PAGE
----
All of the above brought me to Sante Fe. A few years ago I drove through this small town on my way to Taos, only stopping at the Georgia O’Keeffe Museum and having lunch at Annapurna’s World Vegetarian Cafe. I quickly realized that a few hours in Santa Fe simply was not enough time, so I vowed to return. I booked an entire week at an AirBnb in the Sangre de Cristo Mountains, about 20 minutes southeast of downtown. This time around I aimed to try activities that might be considered off the beaten path.
From behind my protective headgear, I surveyed the cement room. A small wooden table with a glass top waited for me next to a white nightstand in the middle of the room. I faced a colorfully-splattered cement wall. A blue plastic barrel stood in one corner and a large black piece of furniture with drawers had been placed in the other. A black plastic tub filled with glasses, dishes and porcelain sat on the floor in front of the wall behind me. The wall adjacent the blue barrel was lined with golf clubs, baseball bats and sledgehammers. I picked up a heavy yellow sledgehammer, took a deep breath and waited for my playlist to start.
As I twirled, the breeze of my bright blue billowing skirt cut the humidity in the night air. I closely followed the teacher, trying to mimic her from across the circle, and feel the Carimbó music blasting across the flooded Rio Negro from the big speakers in the corner. Sweat dripped down my face, but the anticipation of the next dance move kept me going. The spectators were smiling (or was it laughing) and it dawned on me that I was learning to dance by and with Indigenous women in the Amazon. This was exactly the kind of authentic activity I was hoping to experience!
I lay back on my colorful blanket with my head on my little backpack full of half-eaten vegan goodies. I looked up at the stars and let Mahler wash over me. The air smelled of fresh grass and images of the sunset still danced in my mind. I had finally made it to Tanglewood!
My hammock swayed a little in the ocean breeze way up on the 11th floor balcony of my spacious Airbnb apartment. I hummed along with “The Girl from Ipanema” which played on my phone and I took another sip of coconut juice from the fresh coconut I had just purchased at Zona Sul Grocery Store. My gaze focused on the beach front as I took it all in. I enjoyed the unique iconic Rio landscape, people walking along the beach and surfers hoping to get that perfect wave. I definitely felt like I was in Brazil.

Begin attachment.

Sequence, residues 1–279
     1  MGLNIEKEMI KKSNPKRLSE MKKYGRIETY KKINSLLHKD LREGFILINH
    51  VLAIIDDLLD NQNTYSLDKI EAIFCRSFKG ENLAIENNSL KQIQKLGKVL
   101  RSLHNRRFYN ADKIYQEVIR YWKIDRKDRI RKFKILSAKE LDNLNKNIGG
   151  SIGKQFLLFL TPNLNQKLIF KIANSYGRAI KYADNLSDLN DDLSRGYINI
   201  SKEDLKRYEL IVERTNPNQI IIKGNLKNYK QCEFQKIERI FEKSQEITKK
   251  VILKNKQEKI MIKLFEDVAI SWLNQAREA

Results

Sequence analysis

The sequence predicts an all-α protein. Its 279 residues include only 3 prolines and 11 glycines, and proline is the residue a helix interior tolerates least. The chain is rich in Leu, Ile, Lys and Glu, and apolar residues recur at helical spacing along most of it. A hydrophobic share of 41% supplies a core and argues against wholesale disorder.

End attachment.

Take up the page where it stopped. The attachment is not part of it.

Teatro Amazonas (Amazon Theater) is first on the list of “things to do in Manaus”. I was completely taken aback that an opera house would be in the middle of the Amazon Rainforest, yet the opera lover in me was intrigued. So intrigued in fact, that I booked a hotel (Casa dos Frades) right across the street from unmistakeable pink building.
After a wonderful weekend exploring the Iguazu Falls, my girlfriend Chrissy and I arrived in Manaus at 2am early Monday morning. But, we had to wait til Tuesday to visit the Amazon Theater as they are closed on Mondays. We paid 40 Brazilian Real for two adult tickets that included a tour in your choice of Portuguese (by far the largest group of people), Spanish (a handful of people) or English (only the two of us). Little did I know that I was about to learn about an incredible array of topics, from historical events to the Lego company to rubber bricks, Pavarotti, the first Black governor of Amazonas and so much more.
Our Brazilian driver handed over our passports and rolled down the backseat window. The border agent looked at Chrissy and me and then back at her computer. We smiled and waited patiently, hoping we had filled out the immigration paperwork correctly the night before. Without expression she handed our documents back to the driver. She turned to us, smiled and said, “Welcome to Argentina”. We thanked her, returning her smile and continued on our way.
I think I first became aware of Iguazu Falls when I was living in Thailand. I had seen pictures from fellow lesbian travellers, the Globetrotter Girls, and I quite quickly added this natural wonder to my ever-growing travel bucket list. But, living on the other side of the world at the time meant that visiting the border of Argentina and Brazil was a relatively distant dream.
Moving back to North America brought me that much closer to my recently added destination south of the equator. After five wonderful days in iconic Rio de Janeiro, I was very excited about flying into the small city of Foz do Iguaçu in the Pananá state of Brazil. As the name suggests, it is the closest town to the Brazil side of the famous falls (about 30 minutes Uber ride or about 45 minutes via the 120 bus.)
“Malu-KEEN”, I said to the Maya guard at Uxmal. He repeated the “good morning” greeting in Yucatec with a smile. I had learned that 30% of people living in the Mayab (known today by many as the Yucatán Peninsula) speak one of 32 Maya languages, all derived from Yucatec. With such a high percentage, I was behoved to learn a few local phrases and this effort was quite well-received.
My favorite aspect of traveling around the northern part of the Yucatán was learning about the Maya. From trying new foods, reading about the history and exploring the Mayab, I left Mexico with an entirely new appreciation for, and understanding of, the area.
I have always been drawn to Robert Frost’s most popular poem, Road Not Taken. The idea of living some sort of “alternate”, more adventurous life strongly appealed to me. In my opinion, this poem highlights the value that American culture places on uniqueness, an aspect of our culture that I like very much.